PATS REPORTER

Perry's Mailbag: What would it cost for Pats to land Julio Jones?

PATS REPORTER

One week of Patriots OTAs in the books.

One superstar receiver about to be traded.

One simple question posed on the Twittersphere.

Put 'em together and you get a Memorial Day Weekend edition of the Mailbag. Here's hoping everyone is able to enjoy a little downtime with their families while we remember those men and women who've made the ultimate sacrifice for our freedom.

To the 'Bag...

Good question, Michael. We had our buddy Albert Breer of The MMQB on Next Pats this week to discuss that very topic. His take? It's going to cost a second-rounder and maybe a little more. I think that's probably about right for a) someone at his age with his skill set, b) someone at his age with his injury history and c) his contract.

The issue for the Falcons, though, is leverage. The world knows Julio Jones is about to be dealt. The Atlanta cap situation needs to be resolved, and while the team could push money down the road on Jones or Grady Jarrett, that's just delaying the inevitable. Furthermore, Jones went on national television and said he was out.

Not great for the Falcons negotiating position in trade talks.

Plus, there are questions around the market for Jones. It might be less robust than you'd think. Teams like the Niners, Colts and Ravens -- all of whom could use a talented wideout and have some cap space -- need to save some money in order to pay their young stars. The Chargers have money but are pretty well-stocked at wideout. The Packers and Titans aren't quite as flush cap-wise and would have to perform some bookkeeping gymnastics to make a deal happen.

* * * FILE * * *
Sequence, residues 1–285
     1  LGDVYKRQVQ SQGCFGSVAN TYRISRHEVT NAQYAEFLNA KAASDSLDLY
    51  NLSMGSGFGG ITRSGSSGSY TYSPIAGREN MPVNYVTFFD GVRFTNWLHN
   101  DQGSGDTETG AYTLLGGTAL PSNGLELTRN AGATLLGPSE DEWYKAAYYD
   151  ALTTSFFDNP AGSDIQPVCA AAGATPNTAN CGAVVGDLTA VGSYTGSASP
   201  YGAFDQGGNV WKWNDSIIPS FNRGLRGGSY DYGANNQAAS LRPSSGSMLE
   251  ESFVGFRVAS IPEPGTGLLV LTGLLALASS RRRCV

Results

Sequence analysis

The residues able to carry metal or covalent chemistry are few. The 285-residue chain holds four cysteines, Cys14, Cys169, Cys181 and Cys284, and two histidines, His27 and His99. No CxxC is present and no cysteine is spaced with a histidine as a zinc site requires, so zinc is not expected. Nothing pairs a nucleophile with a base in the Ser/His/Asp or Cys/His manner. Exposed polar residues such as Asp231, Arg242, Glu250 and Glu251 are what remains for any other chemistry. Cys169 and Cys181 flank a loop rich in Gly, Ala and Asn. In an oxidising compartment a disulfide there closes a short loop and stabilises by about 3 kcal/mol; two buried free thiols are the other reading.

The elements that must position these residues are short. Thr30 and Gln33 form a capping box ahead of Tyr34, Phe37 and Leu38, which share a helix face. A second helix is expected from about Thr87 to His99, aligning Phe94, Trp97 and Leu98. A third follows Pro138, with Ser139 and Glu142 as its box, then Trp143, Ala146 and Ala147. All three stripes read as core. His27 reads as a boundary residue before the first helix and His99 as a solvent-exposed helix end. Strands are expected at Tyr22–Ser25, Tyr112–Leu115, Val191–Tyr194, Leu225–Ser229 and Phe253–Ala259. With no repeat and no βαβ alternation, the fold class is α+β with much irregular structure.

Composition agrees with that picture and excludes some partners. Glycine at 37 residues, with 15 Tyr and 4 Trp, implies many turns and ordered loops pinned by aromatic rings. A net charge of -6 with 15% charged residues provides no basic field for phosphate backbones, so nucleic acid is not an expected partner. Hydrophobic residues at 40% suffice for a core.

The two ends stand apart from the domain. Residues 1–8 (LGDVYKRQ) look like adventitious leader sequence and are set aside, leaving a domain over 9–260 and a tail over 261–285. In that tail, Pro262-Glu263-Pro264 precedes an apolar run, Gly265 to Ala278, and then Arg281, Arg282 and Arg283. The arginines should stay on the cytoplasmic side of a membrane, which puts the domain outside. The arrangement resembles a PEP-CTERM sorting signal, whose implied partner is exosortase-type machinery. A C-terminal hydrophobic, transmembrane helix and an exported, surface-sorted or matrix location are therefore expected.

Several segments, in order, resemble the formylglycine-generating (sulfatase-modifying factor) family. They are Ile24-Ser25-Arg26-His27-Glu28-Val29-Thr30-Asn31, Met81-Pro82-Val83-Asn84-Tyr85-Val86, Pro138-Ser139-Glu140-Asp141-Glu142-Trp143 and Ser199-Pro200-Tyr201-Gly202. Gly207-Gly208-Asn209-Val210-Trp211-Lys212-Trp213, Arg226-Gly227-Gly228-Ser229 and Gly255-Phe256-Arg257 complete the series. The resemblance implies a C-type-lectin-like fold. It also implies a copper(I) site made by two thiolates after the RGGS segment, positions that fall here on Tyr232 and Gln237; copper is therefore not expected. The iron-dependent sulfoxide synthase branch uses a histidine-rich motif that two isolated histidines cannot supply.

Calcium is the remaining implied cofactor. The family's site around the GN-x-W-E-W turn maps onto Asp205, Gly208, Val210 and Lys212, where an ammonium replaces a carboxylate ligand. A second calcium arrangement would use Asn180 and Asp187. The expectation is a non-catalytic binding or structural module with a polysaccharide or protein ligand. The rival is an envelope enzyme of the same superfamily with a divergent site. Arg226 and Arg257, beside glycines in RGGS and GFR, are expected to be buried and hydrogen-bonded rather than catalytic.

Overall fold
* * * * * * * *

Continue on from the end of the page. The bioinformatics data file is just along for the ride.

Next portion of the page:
Next Pats Podcast - Albert Breer: How Julio Jones would help Mac Jones develop with the Patriots | Listen & Subscribe | Watch on YouTube

The Patriots make sense. They have money. They have a need. They have a young quarterback who'd be buoyed by better talent in the offensive huddle.

Here are a couple clubs who could turn this into a bidding war, potentially.

The Browns have some big names at wideout, but what would Jones do for their offense? Odell Beckham is coming off of injury. Jarvis Landry is closer to the end than the beginning. They have over $20 million in cap space. Even with potential big-money deals for Baker Mayfield, Myles Garrett and others awaiting them down the line... is the prospect of adding Jones right now too enticing to pass up?

Then there's the Chiefs. Rich get richer? Maybe. They lost Sammy Watkins this offseason via free agency and could use another wideout to help take advantage of the attention paid to Tyreek Hill. They're closer to being up against the cap (about $8 million in space), but it's not out of the realm of possibility for them to figure out a way to fit Jones' $15.3 million in salary for 2021.

I think the Patriots should be willing to give up a second-round pick and a little more for Jones. I think he'd help their offense that much. A second and a young player with promise on a low salary? A second and a third? A second and a future (2023) second? That's about where I'd cap it.

I think they'd still be in the market at the position. My belief is they would've liked to add a wideout during the draft, but when Christian Barmore slipped to Day 2, that obviously impacted their plans. It'd be worth keeping an eye on Jamison Crowder of the Jets. I'm not sure why they'd keep him on his salary after investing real draft capital into Elijah Moore of Ole Miss. Same position. More upside. Much cheaper.

Crowder would be tough to trade because of his $10 million in base salary so he could be released and free to sign elsewhere. If the Patriots want the kind of low-cut slot they've had in the past, he'd make sense.